(Jonathan Daniel/Getty) The Chicago Bulls received awful news at the end of February when they lost Derrick Rose to another knee surgery to repair a torn meniscus.
Rose is expected to miss four-to-six weeks, putting his return right around the end of the regular season.
The Bulls also learned Monday that breakout star Jimmy Butler will miss three-to-six weeks with a sprain in his elbow, and forward Taj Gibson is nursing a sprained ankle that could cause him to miss time.
This sort of thing has become routine for the Bulls. Each year they lose key players to injury (this is Rose's third knee surgery in four years), leaving some to question if it may be a result of Tom Thibodeau's coaching style.
In an era when players' minutes are monitored more closely than ever, Thibodeau continually plays his players higher minutes than the rest of the NBA. Butler leads all players in minutes per game this season at 38.7. Pau Gasol, at age 34, is averaging almost 35 per game (his highest in three years) and Rose's minutes have gone up each month of the season — 23 to 25 to 30 to 34 to 32 (before getting injured).
These aren't new trends for Thibodeau, either. Butler ranked second in minutes per game last year, and Joakim Noah averaged 35 minutes per night. Noah had to get knee surgery in the offseason and has seen a decline in his numbers this season.
In 2011-12 and 2012-13, former Bulls forward Luol Deng led the NBA in minutes per game with 39.4 and 38.7, respectively.
Thibodeau is not necessarily responsible for players' injuries — much of it could be freak accidents. But in recent years, player health and minutes per game have become much more closely linked than in the past. The Spurs have gone to great lengths to limit playing time for guys like Tim Duncan and Manu Ginobili during the regular season. This year, LeBron James is averaging 36.4 minutes per night — the lowest number of his career. Teams are simply scaling back minutes for their best players.
Thibodeau rejected this idea that he overworks his players in an interview with USA Today's Sam Amick:
"No. Listen, I've been around a long time. There are so many different ways to pace your team. Like everyone, (outsiders) look at minutes but they don't know what's going on in practice. They don't know how much contact you have (in practice). They don't know what your philosophy is in terms of days off. Is (practice) after back to backs? Is first day of a road trip? Is (practice) a day off after never more than three consecutive days? Whatever it might be, there's a lot that goes into it. But you also — if you're looking at performance and how you can get the best out of people — there's a reason why teams have success over a long period of time. You have to have core values. What do you believe in? Do you believe in hard work? Do you believe in discipline? Do you believe in conditioning? Because those are the things I know that do work."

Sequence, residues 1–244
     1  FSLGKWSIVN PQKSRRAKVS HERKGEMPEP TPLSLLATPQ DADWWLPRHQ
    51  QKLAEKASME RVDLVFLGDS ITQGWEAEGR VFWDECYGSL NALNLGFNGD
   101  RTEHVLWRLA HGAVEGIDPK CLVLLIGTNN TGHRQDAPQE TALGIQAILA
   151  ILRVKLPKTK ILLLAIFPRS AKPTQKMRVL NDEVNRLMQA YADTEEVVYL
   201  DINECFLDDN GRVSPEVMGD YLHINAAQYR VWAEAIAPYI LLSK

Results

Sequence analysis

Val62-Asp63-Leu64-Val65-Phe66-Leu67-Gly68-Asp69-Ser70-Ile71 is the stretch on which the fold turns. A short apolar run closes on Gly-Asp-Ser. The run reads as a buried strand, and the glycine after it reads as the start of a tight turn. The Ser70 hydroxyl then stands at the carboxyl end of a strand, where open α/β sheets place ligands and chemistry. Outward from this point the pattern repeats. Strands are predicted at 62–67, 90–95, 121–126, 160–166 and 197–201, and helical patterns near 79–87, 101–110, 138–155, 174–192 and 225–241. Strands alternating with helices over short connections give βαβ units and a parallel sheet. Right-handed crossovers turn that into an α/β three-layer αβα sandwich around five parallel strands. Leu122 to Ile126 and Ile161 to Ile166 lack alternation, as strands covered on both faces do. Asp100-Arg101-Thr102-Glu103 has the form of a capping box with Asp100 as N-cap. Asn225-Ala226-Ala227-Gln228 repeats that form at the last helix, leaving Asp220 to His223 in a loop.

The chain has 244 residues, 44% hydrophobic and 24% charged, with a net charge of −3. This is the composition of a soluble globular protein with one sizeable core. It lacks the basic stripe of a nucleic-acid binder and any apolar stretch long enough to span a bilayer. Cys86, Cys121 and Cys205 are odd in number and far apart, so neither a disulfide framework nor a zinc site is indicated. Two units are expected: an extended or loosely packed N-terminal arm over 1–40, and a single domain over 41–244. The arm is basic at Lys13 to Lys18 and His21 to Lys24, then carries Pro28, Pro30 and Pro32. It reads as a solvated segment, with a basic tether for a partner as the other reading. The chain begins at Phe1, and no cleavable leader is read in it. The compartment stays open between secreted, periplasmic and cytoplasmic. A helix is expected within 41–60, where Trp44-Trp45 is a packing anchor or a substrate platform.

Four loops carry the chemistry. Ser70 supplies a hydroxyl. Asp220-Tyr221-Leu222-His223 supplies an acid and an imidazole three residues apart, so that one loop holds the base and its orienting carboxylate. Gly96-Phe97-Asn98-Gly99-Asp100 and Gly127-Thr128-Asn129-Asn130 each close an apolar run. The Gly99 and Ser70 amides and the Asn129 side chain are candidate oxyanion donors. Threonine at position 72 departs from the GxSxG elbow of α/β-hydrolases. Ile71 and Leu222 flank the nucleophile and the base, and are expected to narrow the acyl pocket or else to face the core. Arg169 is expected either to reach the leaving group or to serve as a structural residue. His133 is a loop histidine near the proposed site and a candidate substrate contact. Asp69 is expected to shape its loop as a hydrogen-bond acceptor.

Amick also quoted Thibodeau defending his team's success despite the glut of injures, though he doesn't acknowledge that a lesser workload could have kept the team healthy:
"Our team has overcome a lot of obstacles. When you lose a Derrick Rose and a Joakim Noah and a Luol Deng, and you still manage to get into the playoffs, I thought it was terrific accomplishment for our team... You have to believe — to me, the only way a team can improve is you have to be sharp. The way you execute in this league is through repetition, and that's both offensively and defensively. You're not going to rest your way to success."
There have been reports of internal strife with Thibodeau and the Bulls' management, some of it related to the management of players' minutes.
Thibodeau is considered one of the best coaches in the NBA. His defensive schemes are considered revolutionary by some, and his team consistently over-performs after losing key players.
The Bulls, when healthy, are considered championship contenders every year. The problem is they're so infrequently healthy that they never get the chance to truly establish themselves, and they often limp into the postseason. This year doesn't look like an exception.
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